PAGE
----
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    Review: Before Watchmen: Dr. Manhattan #1

    By and | August 24th, 2012
    Posted in Reviews | % Comments
    Logo by Tim Daniel

    The final miniseries starts here! Will this look through all things quantum fix the watch that is “Before Watchmen,” or will it spill all the gears onto the ground?

    Written by J. Michael Straczynski
    Illustrated by Adam Hughes

    “I watch as a box containing a mystery is lowered into the soil.”

    David: So we’re back with the last (right?) Before Watchmen #1, as Dr. Manhattan from JMS and Adam Hughes is now here. The former is a man known for writing bad comics recently in my mind, while the latter is known for saucy women in his art. Yet, this comic is about a stark naked quantum conundrum. An interesting fit, but did it work? Did the first issue starring Big Blue jive with you, my friend?

    Brian: Before I answer your question, you have to answer mine. If the name J. Michael Straczynski wasn’t on the cover, would you have ever guessed that this was written by him?

    David: While I wouldn’t say it felt explicitly like a JMS joint, I could see elements in there for sure. What about you? You’re a bigger fan of him than I am. Did it tickle your fancy?

    Brian: To say I’m a fan is a bit much; I loved his “Brave and the Bold” run, but other than that, I’m pretty meh on his work.

    To me, this didn’t feel like a JMS comic, and that is a good thing. While this is far from a perfect comic, I was pleasantly surprised by some of the elements in play. What about you?

    David: Loved the art…the rest was okay. It all kind of read like an impersonation of the Dr. Manhattan issue of Watchmen where he was kind of weaving in and out of time narratively. The reminders of that were pretty great, as was the revelation of his present from when he was a kid. I liked the business about him visiting a place where he was never created. There’s a lot of potential on the table here, and it could go a lot of very interesting directions. But after one issue, it was a good issue mostly for art but the story so far is kindling for a potentially great fire.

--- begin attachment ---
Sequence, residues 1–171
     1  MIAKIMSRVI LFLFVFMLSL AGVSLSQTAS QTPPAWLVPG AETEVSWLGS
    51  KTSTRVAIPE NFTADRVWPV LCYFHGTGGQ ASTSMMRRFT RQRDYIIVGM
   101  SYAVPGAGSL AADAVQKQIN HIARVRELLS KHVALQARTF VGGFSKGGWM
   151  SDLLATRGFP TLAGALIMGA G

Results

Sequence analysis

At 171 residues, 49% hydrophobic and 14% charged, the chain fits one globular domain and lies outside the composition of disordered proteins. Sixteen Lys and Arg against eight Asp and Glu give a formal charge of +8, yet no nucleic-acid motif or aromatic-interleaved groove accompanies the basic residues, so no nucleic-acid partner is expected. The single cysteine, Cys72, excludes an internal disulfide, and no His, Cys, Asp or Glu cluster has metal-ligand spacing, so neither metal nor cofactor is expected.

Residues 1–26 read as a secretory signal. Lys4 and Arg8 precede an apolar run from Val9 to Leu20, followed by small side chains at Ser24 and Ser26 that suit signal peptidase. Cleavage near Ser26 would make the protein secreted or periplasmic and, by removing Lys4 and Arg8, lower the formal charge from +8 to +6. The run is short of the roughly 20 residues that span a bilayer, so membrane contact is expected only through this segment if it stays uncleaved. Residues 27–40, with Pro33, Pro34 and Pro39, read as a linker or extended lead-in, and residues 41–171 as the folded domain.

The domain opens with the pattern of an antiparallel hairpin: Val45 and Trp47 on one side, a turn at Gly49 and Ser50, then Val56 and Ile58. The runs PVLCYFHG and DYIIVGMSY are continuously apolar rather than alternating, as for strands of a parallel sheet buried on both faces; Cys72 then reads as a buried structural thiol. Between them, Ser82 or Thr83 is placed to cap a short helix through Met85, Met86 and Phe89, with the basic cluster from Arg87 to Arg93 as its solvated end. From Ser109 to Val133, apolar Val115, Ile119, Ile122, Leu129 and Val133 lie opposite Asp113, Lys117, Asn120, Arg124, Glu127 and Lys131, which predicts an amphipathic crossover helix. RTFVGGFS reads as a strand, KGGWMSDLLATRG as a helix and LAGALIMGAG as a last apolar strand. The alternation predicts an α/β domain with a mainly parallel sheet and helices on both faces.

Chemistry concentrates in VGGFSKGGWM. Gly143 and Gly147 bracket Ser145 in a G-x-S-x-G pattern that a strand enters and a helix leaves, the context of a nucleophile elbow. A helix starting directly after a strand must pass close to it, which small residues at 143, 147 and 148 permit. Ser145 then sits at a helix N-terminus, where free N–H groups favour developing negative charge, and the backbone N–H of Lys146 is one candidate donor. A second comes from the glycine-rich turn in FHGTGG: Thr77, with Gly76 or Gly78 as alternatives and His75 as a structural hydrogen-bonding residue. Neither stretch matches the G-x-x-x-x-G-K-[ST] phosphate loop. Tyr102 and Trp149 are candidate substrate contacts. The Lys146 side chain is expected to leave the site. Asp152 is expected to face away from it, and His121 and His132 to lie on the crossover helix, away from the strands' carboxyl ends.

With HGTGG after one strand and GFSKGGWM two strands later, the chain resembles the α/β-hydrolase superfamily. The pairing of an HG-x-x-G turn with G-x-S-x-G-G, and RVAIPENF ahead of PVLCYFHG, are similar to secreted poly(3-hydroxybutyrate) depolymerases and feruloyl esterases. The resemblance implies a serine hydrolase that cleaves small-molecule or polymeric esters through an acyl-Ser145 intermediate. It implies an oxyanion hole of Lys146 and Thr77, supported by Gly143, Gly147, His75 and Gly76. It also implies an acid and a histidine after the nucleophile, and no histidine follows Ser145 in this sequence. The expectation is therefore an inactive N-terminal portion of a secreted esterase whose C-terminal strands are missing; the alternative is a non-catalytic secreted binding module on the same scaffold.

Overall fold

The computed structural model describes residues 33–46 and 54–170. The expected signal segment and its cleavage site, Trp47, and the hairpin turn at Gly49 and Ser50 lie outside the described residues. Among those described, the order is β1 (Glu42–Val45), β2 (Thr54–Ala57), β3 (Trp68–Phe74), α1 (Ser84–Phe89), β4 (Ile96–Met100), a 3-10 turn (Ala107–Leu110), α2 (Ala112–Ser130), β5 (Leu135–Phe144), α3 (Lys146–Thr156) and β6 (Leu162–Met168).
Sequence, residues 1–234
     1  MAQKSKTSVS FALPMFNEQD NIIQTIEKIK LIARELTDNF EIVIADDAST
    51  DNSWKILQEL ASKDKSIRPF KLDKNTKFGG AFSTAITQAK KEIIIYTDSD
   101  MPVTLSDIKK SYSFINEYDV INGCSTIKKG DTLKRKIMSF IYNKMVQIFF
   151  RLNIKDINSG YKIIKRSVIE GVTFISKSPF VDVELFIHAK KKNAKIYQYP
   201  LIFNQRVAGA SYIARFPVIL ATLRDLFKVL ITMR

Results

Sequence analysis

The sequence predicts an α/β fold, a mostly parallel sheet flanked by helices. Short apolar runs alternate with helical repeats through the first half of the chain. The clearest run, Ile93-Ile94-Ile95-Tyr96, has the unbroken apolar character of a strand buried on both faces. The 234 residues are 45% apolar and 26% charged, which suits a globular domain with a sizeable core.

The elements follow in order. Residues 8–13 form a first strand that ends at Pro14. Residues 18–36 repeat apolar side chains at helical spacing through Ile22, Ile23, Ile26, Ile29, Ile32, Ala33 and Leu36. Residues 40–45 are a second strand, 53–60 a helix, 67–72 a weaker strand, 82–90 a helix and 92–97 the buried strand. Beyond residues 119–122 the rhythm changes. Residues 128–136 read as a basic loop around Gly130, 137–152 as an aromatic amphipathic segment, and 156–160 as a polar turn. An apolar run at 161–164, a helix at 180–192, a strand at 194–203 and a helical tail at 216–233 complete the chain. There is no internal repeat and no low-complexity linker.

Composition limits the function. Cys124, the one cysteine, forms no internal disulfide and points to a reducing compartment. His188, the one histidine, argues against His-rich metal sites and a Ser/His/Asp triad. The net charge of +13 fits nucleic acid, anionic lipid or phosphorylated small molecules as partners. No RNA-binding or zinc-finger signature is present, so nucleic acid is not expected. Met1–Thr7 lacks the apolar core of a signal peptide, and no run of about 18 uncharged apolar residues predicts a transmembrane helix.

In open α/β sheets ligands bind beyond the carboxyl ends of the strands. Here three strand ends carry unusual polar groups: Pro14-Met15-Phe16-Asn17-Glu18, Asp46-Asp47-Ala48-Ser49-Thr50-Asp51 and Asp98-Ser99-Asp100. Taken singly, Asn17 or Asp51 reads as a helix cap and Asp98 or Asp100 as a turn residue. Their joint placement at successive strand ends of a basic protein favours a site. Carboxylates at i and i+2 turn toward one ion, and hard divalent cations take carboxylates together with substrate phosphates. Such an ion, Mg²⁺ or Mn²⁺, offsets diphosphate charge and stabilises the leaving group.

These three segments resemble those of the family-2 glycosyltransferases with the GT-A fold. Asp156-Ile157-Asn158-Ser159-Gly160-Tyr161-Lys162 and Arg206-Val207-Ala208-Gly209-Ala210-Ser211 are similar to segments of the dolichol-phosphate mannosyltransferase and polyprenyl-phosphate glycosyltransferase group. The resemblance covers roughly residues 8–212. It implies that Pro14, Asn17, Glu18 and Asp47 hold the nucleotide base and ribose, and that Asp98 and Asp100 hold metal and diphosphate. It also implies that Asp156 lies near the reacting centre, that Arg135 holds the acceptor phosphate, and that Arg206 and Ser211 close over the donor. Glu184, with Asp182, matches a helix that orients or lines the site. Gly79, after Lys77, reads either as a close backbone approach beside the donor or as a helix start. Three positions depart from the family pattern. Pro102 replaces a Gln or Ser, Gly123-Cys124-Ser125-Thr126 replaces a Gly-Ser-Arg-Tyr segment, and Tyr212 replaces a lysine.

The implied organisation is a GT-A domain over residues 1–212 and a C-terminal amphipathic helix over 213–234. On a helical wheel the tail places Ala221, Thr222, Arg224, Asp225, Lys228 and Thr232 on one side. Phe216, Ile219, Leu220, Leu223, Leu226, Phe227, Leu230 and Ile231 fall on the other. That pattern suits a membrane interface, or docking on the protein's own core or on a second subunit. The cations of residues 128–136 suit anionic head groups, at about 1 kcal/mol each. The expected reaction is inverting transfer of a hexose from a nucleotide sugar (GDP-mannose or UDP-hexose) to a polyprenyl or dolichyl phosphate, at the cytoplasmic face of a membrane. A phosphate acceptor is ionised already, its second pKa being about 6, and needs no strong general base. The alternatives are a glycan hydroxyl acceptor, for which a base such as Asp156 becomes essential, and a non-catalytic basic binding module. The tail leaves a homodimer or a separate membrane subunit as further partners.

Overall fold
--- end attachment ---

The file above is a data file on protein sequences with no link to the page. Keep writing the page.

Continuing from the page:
What did you find surprising, in particular?

    Brian: I was surprised by, frankly, the balls that JMS showed here. While this is not nearly a “Before” Watchmen story, it is the first story to do something totally unexpected, and that is to mess with the story in a way that could only work in a Dr. Manhattan story. It took all the potential that Moore had put into the character and, shockingly, utilized it. The box motif was well used and not too overkill, which I feared it might be. I really can’t believe I’m this positive about a JMS book. I had my opening line for this review planned, and JMS proved me so wrong I’m not going to get to use it. (For the record, it was going to be “Do you still think that Azzarello is the bane of Before Watchmen?”)

    You’re right about the art – Adam Hughes was absolutely spectacular here. Clean lines, nice layouts, and his signature character work.

    David: Well, I think that’s the thing about Ol’ Blue Balls. There are no limits to where a writer could, in theory, take the story. I figured with JMS involved it would be pretty safe, by the numbers storytelling, and there was a mix of that with some really cool, audacious stuff. I think it will get better from here, but to start it was solid, not great in my book.